What lies ahead for Soho? Recent plans approved by Westminster Council suggest that the area’s historic buildings and businesses will soon be swept aside to be replaced by offices, chain retail outlets and high-end accommodation. While some may describe this as gentrification, it seems that John James, managing director of Soho Estates and owners of the Madame Jojo’s venue, prefers to call it “dynamic change”.
Following Madame Jojo’s untimely demise last year, Soho Estates came under a harsh spotlight. More than a few felt that the company could have done more to keep the place open; a “funeral” march held after the closure made a point of stopping outside the Soho Estates offices.
Others decried the company’s plans for the area: the proposals approved by Westminster Council detail demolition and building alterations to make way for offices, shops and only one cabaret joint, the infamous and exclusive Daily Mail bête noire The Box.
Soho Estates reacted by putting out a statement soon after, saying in December that, as well as The Box, there were plans for a new theatre and a resurrected Madame Jojo’s. No firm timescales were mentioned but London could look forward to seeing an updated version of the burlesque club “in a couple of years”.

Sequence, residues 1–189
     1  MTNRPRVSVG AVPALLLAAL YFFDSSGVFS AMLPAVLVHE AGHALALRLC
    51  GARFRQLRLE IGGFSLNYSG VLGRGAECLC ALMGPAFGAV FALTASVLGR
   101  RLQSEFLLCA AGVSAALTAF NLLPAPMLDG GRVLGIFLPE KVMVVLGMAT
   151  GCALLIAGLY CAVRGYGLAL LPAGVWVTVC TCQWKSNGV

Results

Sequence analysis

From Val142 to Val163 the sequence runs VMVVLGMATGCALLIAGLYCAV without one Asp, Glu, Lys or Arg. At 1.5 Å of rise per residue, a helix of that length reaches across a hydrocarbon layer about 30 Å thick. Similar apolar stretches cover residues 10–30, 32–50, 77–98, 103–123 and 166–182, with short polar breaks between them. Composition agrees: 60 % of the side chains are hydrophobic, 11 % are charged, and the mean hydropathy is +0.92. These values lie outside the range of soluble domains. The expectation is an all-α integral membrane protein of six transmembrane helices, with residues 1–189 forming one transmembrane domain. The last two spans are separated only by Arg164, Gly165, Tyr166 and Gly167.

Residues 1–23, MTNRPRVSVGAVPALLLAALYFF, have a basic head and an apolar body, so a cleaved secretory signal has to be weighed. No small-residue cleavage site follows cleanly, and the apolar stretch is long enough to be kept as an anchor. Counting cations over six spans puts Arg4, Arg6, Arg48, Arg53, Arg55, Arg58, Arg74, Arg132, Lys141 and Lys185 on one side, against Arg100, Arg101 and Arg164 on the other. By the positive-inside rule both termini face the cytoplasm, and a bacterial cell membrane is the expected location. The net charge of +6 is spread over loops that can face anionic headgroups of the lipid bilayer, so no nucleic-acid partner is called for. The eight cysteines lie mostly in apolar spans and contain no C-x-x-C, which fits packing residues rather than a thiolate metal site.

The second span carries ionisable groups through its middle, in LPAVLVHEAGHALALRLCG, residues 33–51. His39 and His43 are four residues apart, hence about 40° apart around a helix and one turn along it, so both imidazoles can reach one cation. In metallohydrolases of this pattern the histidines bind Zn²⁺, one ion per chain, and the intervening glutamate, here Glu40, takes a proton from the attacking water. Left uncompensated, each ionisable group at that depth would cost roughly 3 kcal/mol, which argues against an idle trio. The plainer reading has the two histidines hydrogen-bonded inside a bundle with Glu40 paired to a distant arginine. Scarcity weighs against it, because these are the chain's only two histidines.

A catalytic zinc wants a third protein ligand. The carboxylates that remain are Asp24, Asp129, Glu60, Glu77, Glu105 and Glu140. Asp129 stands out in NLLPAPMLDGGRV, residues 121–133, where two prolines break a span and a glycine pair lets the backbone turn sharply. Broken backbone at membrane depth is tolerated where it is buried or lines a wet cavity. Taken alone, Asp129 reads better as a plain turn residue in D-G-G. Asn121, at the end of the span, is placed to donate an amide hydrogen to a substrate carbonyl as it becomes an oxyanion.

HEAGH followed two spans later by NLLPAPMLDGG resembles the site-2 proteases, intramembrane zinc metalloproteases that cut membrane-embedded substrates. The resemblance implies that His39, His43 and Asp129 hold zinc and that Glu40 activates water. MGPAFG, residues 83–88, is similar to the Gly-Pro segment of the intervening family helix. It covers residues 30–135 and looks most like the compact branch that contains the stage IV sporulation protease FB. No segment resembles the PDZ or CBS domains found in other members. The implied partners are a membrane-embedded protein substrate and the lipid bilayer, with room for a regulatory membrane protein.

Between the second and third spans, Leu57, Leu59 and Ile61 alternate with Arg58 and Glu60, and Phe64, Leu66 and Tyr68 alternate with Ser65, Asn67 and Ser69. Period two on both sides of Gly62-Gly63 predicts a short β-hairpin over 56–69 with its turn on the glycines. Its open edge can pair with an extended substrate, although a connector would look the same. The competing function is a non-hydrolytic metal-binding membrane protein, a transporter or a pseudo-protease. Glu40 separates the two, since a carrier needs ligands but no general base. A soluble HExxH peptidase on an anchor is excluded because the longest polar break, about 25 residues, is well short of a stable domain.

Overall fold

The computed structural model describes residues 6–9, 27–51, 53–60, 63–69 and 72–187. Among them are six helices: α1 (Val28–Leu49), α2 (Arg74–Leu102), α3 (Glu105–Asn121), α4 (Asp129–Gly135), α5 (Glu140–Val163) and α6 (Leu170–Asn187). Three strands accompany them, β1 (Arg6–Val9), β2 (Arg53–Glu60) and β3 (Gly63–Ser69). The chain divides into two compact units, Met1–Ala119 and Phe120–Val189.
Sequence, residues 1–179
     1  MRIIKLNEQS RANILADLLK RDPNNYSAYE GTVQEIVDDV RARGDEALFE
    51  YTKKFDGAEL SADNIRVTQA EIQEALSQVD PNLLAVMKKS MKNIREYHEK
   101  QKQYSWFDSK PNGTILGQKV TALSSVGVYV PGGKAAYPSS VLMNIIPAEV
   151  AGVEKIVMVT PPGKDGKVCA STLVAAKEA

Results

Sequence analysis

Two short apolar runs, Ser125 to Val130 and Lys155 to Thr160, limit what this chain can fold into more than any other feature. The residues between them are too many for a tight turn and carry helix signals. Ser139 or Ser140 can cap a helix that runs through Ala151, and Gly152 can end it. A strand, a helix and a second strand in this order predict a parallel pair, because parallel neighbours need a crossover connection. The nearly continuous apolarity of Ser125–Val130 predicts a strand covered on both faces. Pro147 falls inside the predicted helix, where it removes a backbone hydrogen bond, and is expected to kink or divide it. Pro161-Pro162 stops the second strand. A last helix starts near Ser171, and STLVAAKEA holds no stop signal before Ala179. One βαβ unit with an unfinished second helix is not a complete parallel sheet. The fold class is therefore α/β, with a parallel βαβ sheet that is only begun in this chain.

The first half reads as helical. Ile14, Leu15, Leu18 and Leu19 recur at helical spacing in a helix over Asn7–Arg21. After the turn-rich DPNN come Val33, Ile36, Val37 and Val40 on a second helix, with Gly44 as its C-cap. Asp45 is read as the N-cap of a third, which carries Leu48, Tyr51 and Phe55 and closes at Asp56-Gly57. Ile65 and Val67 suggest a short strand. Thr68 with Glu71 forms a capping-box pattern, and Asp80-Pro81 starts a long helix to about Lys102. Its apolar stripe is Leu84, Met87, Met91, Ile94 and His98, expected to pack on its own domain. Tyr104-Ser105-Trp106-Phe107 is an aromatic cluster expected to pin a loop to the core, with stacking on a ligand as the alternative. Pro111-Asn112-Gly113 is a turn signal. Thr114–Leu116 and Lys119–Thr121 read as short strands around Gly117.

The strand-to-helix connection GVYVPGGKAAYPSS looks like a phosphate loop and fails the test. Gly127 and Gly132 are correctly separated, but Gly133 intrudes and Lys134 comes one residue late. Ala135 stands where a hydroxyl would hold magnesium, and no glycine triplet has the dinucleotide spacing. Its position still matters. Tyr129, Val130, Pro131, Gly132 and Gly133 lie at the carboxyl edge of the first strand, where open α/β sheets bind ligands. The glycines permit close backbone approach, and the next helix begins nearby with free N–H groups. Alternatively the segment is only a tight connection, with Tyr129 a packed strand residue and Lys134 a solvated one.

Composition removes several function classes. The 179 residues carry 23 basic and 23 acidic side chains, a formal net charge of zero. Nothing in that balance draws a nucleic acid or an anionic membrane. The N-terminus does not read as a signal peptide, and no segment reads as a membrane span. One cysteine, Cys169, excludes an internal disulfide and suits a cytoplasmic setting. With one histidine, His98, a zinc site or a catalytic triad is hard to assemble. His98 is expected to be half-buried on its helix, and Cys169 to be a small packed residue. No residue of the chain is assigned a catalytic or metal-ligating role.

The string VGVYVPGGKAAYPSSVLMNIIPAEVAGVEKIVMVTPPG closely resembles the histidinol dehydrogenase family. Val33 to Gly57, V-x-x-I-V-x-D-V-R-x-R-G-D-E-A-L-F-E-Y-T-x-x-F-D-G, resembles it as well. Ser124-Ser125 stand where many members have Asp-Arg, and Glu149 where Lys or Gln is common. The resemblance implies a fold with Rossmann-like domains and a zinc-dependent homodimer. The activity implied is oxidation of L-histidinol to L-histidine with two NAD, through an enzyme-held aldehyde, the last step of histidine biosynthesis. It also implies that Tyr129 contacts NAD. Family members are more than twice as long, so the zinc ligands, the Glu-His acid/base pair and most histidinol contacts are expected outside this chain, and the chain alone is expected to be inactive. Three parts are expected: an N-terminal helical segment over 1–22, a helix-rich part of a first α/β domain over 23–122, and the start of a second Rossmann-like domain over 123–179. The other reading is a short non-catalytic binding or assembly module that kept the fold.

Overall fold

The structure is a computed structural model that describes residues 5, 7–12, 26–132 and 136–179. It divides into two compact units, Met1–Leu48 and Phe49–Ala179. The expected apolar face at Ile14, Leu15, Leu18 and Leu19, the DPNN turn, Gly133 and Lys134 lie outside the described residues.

Not long after, singer Tim Arnold spearheaded a Save Soho campaign drawing attention to how the zone was being changed through closures and redevelopment. He was soon joined by Stephen Fry as co-chairman and the likes of Benedict Cumberbatch, Mitch Winehouse and Idris Elba among others signed up to a petition sent to London Mayor Boris Johnson. Arnold, otherwise known as the Soho Hobo, has continued to highlight the changes in the area, visiting the now-defunct 12 Bar with Russell Brand and this week taking Johnson on a tour around the neighbourhood.
In a brief interview this week with the BBC’s Ade Adepitan, Soho Estates managing director John James discussed the future of the capital’s red light district.
Ade Adepitan: Do you think Soho is going to become too clean-cut, too sanitised, too corporate?
John James: I hear this, it’s a nonsense. This is called dynamic change. This is what I think Soho does. I don’t do it. I don’t think any other landlord or major occupier does it. The venues re-invent themselves.
Ade Adepitan: Who is the Soho of the future for?
John James: The same people it’s for today. It’s for young people who can’t afford a drink, it’s for rich folk who can eat and dine in nice restaurants, average folk who want to go to the theatre, it’s for anyone who wants to walk the streets, it’s wine, dining, entertainment, sex and rock ‘n’ roll. That’s what it’s for and I can’t see it ever changing.
The whole interview can be seen here.